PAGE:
Shetland Sheepdog

History

The Scottish Shetland Sheepdog, also known as the Sheltie, has a rather uncertain history, as it is not known exactly how it arose. What we do know is that it arises from the mixture of several races of the type Collie, in fact, physically it is almost identical to a Collie in smaller version. 

Its beginnings date back to the early nineteenth century, due to the need of farmers in the Shetland Islands to have a small herding dog. In a cold environment where predators are not large, what humans most sought was to reduce costs, which is why they chose the Sheltie, since being smaller they require less investment and maintenance costs. 

Its qualities and intelligence made it one of the most efficient breeds in herding small or medium-sized animals. But its beauty and charisma were responsible for it being bred as a companion dog, in which it also managed to stand out over time. 

In 1908 it was officially recognized as a breed and today it enjoys a certain popularity, especially in Europe. It should be borne in mind that according to a study carried out, it is among the 10 most intelligent breeds in the world, which has attracted the attention of quite a public interested in the race. 

Physical characteristics

Body

It is shaped like a Collie in a smaller version. Its body is longer than it is tall, which gives it a rectangle shape. His back is flat and the croup descends gradually.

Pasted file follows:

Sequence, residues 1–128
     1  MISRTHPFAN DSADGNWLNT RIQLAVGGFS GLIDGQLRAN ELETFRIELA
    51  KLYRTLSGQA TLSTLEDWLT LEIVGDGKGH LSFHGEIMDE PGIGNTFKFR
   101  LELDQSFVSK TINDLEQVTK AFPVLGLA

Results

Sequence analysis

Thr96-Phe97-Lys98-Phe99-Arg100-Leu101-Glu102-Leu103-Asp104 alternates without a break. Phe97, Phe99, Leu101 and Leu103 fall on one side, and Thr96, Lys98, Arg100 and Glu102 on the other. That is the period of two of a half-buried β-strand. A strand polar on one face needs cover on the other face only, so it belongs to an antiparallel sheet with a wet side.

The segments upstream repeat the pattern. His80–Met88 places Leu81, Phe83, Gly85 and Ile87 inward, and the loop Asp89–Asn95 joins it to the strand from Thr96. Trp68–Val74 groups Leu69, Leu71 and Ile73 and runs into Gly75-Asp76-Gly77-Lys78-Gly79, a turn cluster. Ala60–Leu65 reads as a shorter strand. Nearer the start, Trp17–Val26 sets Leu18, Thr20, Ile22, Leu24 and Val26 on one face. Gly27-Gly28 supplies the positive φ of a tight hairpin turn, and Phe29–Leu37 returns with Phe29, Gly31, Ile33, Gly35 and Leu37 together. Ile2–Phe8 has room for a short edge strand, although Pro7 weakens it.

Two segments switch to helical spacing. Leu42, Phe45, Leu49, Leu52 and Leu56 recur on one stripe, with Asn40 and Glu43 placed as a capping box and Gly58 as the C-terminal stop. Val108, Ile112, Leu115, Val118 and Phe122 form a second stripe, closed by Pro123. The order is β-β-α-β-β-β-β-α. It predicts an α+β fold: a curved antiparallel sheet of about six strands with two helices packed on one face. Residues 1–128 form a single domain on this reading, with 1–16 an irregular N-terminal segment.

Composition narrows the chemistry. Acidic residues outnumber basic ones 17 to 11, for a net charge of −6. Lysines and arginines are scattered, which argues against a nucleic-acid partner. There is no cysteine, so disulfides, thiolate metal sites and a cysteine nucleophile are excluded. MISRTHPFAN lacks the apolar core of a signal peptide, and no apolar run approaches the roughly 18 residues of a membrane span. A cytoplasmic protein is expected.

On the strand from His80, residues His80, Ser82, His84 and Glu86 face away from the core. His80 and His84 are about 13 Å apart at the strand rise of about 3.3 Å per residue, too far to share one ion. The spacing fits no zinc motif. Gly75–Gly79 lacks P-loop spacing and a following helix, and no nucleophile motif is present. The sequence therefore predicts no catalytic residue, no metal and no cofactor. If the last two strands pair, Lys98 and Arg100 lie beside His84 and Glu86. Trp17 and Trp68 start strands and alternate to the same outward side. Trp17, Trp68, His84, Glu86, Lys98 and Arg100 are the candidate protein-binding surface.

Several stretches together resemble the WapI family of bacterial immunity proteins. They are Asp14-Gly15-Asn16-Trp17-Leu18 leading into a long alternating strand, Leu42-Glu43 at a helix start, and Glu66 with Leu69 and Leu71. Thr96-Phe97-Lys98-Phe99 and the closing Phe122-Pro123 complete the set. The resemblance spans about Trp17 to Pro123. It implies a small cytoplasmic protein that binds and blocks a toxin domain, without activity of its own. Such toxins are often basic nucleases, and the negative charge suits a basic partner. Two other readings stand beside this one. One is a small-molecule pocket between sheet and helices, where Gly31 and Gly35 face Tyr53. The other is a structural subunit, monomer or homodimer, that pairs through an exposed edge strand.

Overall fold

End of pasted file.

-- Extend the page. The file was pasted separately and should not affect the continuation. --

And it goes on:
The chest reaches to the elbows. Its ribs are well sprung, tapering slightly towards the bottom. The tail is set low and reaches the hocks. It is slightly curved upwards, but to meet the breed standard it must not exceed the line of the loin. The feet are oval, with curved and tight toes. The neck is well arched, long enough for a proud head posture.

Head

Elongated and wedge-shaped, it has a flat skull between the ears and flat cheeks that join its rounded muzzle, which is similar in length to the skull. Viewed from the side, muzzle and skull appear to be parallel, separated by a smooth stop.

Their ears are set high, small in size and triangular in shape. It is characteristic of the breed that when they remain alert, they remain upright with their tips bent. His eyes are almond shaped and obliquely set. His teeth are scissor-shaped. 

Raised

For males, the height should be 37 cm, and for females, 35.5 cm. Variations of up to 2.5 cm are accepted, both up and down.

Fur

It has two layers: The interior is thick, soft and short. The exterior is long, rough and smooth. On the neck, chest and shoulders, the hair is longer than the rest of the body; Except for the tail and the hind legs that have the longest hair. 

On the face, the front and the lower half of their front legs, they have shorter hair.

Colour

The Shetland Sheepdog can be fawn in all shades (from gold to mahogany, with or without white parts), tricolor (black, reddish and white), blue merle (silvery blue background with the presence of white spots and even chestnuts ), black and tan or black and white. 

All of these colors, with the exception of black and tan, should have white markings on the chest, ruff, along the muzzle, legs, and at the end of the tail. For samples, white spots in other areas of the coat are not acceptable. 

The eyes are of a dark brown color, with the exception of the blue blackbird specimens, which may have 1 or both eyes of blue color, partially or totally. 

Sheltie's temperament

Character